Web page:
Should I choose AgileSHIFT or Change Management?
There is no clear winner in terms of what the two change management frameworks focus on. Both recognize the importance of implementing permanent cultural improvements in order to make businesses more open to and supportive of change. They also have a joint focus on dealing with people on an individual level, rather than simply forcing changes through. All of this is excellent for creating supportive businesses, driving successful transformation programs, and enjoying optimized results.
The main difference is in their use of Agile. Change Management acknowledges agile ways of working but puts a great deal of emphasis on leaders and stakeholders. Leaders should engage with teams to alleviate issues, and stakeholder engagement is a major priority. AgileSHIFT, on the other hand, is more about empowering individuals to support and initiate change initiatives, with much less emphasis on their seniority.
This is where choosing between them gets a little easier. There are a number of benefits to using Agile, such as increased speed, greater flexibility, and iterative benefits. However, it also makes several departures from traditional waterfall-style management, and this is something that many businesses choose to avoid.
If an organization is not used to Agile, choosing a more traditional option like APMG Change Management may be for the best. That is not to say that AgileSHIFT is in any way inferior; it just has more of a ground-up approach. Arguably, its Agile aspects also make it easier to tailor the framework towards individual businesses and their evolving needs.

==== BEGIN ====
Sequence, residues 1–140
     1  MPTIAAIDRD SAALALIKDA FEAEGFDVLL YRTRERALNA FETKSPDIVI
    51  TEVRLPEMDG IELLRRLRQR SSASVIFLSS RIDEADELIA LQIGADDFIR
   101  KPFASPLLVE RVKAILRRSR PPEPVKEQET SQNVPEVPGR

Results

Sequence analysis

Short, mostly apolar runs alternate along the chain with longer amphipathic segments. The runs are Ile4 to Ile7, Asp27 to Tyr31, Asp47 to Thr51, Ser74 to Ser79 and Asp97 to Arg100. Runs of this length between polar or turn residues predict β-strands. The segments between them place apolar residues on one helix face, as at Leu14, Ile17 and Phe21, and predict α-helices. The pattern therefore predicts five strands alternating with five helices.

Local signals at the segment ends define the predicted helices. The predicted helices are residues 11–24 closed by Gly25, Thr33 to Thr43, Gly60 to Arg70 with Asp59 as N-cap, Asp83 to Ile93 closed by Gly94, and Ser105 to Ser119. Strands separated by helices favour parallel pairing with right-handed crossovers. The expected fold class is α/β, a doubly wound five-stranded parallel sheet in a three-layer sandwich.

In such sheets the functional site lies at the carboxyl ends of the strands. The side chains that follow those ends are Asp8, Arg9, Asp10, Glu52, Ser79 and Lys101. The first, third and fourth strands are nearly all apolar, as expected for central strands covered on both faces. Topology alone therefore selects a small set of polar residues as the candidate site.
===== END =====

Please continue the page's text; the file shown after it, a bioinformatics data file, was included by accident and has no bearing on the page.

Ultimately, your choice will most likely depend on your attitude towards Agile. Even large and traditional organizations can benefit from choosing either approach but may have an easier time with implementing the APMG Change Management framework.
Combining AgileSHIFT and Change Management
As an individual, it can certainly be helpful to study different branches of change management, as doing so can open up a wider variety of job opportunities.
However, for companies, it can be best to go with one framework rather than two, simply for the sake of avoiding conflict and confusion. Both Change Management and AgileSHIFT deal with organizational change, and while they may be compatible, implementing both at once can cause problems within an initiative.
It will be a good idea for you to consult with anyone who currently performs the role of ‘change management professional’ in your organization, as they will likely have a strong preference for how to manage things going forwards.